Motivate Yourself To Build Wealth!

Getting control of your finances, increasing your net worth, and building wealth is not an easy thing to do. It’s actually extremely difficult. It will never happen without a plan, telling your money where to go, and the dedication to follow through with your plan.

Because of this, it’s important to figure out why you want to build wealth. Think about it right now! Why do you want to build wealth? Do you have specific goals you want to accomplish? Do you want to retire early? Do you want to change your family tree? Do you want the freedom to do whatever you please? Maybe you just want some “f#ck you” money? Whatever your reason is, it is important to have that reason fresh in your mind because you’re going to need to refer back to it frequently for motivation.

debt-slave

Personally, I don’t want to be a slave to anyone. I use the word slave because I firmly believe that if anyone has control over me and can manipulate me due to my finances, that’s exactly what I am…a slave to that person, job, loan company, etc.  Currently, the only outstanding loan I have is the mortgage on my house and it’s driving me crazy.  My mortgage, although extremely affordable as a percentage of my take home pay, is stressful because if keeps me from being able to leave my job if I wanted to quit today (to see how much house you can afford, look here).  My emergency fund keeps me safe for 6 months if I lose my job but my mortgage is keeping me from being able to choose any job I want, regardless of what that job pays.

So, for me, not wanting to be a slave is my “why”, and the motivation from my why will keep me disciplined and help me achieve anything I want! Do I want to have f#ck you money? Yes. Do I want to retire early? At this time I do. Do I want to change my family tree? It will be done. Any goals I want to accomplish can become a reality, all because I have the motivation to never be a slave to anyone.


Now it’s your turn to think about why you want to build wealth.  If my reason works for you, great! Roll with it and use it to live your dream of being free and financially independent.  If my reason doesn’t resonate with you, sit down and figure out:

  1. What are your goals that you want to accomplish in life? Write this down on a piece of paper and write down whatever comes to mind.  What would you do with the rest of your life if money wasn’t an issue?
  2. How would you live if you only had 6 months to live? What kind of life would you live?  How does it compare to how you’re living now?  How would it change if you didn’t have to worry about money?
  3. What are your most important goals? While you’re reviewing the goals you’ve written down, pick out which ones are most important to you.  Will you be able to accomplish your goals without getting control of your finances?  How will your goals be affected by building wealth?  How will they be affected if you don’t change how you spend/save money?

After completing this exercise you should have an idea of what’s important to you right now and how building wealth will only aid you while trying to accomplish your dreams.  Your goals will probably change over time so you’ll want to revisit this exercise periodically so that you can adjust.

So…What’s your why?

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Do You “Act As If?”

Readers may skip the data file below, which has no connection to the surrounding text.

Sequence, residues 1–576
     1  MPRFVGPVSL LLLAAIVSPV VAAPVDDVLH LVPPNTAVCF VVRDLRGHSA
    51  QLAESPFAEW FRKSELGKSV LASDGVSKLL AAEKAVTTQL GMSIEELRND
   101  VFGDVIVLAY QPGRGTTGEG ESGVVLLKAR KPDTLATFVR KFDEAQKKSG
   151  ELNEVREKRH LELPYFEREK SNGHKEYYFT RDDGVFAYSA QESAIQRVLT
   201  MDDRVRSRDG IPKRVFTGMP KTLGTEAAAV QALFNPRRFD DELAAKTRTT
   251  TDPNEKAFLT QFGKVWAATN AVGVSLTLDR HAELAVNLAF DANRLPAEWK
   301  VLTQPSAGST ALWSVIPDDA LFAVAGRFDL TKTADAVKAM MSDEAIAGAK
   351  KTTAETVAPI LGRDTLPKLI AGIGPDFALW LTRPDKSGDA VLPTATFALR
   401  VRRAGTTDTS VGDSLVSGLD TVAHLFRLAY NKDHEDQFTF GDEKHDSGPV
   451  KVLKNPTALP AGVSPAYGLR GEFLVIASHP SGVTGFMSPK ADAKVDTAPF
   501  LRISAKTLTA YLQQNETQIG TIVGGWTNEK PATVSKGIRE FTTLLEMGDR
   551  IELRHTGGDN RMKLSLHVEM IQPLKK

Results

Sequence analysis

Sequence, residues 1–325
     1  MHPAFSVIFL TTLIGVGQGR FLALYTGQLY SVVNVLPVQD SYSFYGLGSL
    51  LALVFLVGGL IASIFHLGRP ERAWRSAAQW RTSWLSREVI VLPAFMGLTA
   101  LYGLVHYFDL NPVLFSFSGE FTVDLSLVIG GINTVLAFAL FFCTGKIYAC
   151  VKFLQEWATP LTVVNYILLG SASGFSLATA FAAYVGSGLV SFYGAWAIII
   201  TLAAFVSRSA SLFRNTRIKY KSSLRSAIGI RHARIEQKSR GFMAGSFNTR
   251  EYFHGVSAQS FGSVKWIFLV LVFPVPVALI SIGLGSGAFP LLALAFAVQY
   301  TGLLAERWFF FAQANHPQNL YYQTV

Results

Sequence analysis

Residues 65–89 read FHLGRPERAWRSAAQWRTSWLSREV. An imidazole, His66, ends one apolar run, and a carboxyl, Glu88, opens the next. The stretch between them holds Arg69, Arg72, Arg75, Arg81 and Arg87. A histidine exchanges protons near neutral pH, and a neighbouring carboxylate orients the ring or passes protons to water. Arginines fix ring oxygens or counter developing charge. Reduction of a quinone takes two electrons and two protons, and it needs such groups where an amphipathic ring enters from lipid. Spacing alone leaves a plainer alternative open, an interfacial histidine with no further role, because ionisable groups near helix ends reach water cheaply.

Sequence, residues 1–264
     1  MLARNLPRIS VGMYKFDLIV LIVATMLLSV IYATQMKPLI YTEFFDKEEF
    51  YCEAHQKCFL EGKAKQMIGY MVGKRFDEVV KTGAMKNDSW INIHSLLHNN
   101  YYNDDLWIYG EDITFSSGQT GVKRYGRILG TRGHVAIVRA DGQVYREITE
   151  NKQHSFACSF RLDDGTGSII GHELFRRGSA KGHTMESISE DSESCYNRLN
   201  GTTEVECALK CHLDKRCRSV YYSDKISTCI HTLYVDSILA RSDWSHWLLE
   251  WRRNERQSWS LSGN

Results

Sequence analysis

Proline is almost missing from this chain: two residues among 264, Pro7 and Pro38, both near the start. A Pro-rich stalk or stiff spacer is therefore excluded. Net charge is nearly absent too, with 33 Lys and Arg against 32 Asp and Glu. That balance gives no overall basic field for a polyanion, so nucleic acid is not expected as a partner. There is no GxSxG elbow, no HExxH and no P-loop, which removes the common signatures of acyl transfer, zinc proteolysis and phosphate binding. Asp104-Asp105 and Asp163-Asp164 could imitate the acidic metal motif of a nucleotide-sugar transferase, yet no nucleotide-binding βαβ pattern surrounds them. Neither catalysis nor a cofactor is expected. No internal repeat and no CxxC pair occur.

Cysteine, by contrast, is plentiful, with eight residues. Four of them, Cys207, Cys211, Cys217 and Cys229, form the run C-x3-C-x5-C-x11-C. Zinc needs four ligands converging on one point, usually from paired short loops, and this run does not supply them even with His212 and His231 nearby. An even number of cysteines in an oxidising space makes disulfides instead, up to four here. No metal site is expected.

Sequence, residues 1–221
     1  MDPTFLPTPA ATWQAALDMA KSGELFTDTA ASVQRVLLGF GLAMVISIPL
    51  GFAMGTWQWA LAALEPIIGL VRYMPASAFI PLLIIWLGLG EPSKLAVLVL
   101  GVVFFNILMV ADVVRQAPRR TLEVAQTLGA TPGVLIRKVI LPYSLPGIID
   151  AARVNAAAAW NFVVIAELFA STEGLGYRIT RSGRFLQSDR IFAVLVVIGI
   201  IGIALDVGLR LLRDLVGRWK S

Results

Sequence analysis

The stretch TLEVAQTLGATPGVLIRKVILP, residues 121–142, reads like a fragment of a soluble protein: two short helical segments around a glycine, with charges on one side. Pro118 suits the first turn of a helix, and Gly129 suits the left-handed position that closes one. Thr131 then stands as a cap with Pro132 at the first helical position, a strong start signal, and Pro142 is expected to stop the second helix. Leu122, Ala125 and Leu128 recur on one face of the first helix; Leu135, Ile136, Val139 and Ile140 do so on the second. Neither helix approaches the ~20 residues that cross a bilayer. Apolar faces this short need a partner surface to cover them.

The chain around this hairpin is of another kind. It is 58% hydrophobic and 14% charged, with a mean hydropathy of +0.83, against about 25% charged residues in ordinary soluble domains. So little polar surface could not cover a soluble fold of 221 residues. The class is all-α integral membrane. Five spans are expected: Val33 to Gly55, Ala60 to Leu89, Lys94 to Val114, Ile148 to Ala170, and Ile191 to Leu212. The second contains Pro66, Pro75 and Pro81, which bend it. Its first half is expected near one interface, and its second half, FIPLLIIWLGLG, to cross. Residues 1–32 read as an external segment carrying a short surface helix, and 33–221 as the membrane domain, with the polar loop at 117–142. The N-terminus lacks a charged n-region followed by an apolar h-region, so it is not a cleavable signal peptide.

Have you heard the saying “Act As If” before? If you’ve seen the movie “Boiler Room” I know you have.  In “Boiler Room,” Ben Affleck is training a group of wannabe stock brokers to be fantastic but illegal stock salesmen on Long Island.  I won’t ruin the story for you but I want to talk about a specific part of the movie where he’s addressing the group of trainees…

At this point in the movie all trainees have just been hired and are preparing to start selling stock after passing their series 7 exam (the SEC requires any individual who wants to sell securities pass this exam). While conducting a morning sales meeting Ben brings up the fact that many of the trainees, who are all wearing suits, aren’t wearing suits that meet their companies standards.  He told them they dress like $hit and need to go out and buy at least one decent suit because the company they work for has a “minimum level of aesthetic professionalism they need to maintain.”  He also promises the group that it’s ok to buy an expensive suit even though they’re broke because they’ll be millionaires in a short period of time.

This then led to the “Act As If” speech, which I’ve always loved. Check it out… ***Disclaimer: Ben drops the F bomb in this clip.***

This is how the typical American thinks about money.  Most of us spend our money before we’ve made it and it gets us into trouble.  Luckily, no job will require anyone to act like millionaires if they aren’t millionaires.  I understand that the point of this talk is to build confidence and present an image of success.  But, you can’t just go out and buy an expensive suit because you think it’ll make you successful faster by influencing how others think of you.  Maybe you’ll boost your confidence for a brief period of time but you’ll become financially successful by being good at your job and telling your money where you want it to go.

I’ve never gone to a doctor because he drives a $100,000 car or a lawyer because he wears a $1,500 suit.  I pick a doctor by talking to patients of his and finding out his reputation. Is he smart? Does he have a good bed side manner? Will he be able to keep me from dying if I’m not supposed to die at that particular time? My point is that if you’re good at your job, no one will care what kind of suit you’re wearing or what model car you’re driving.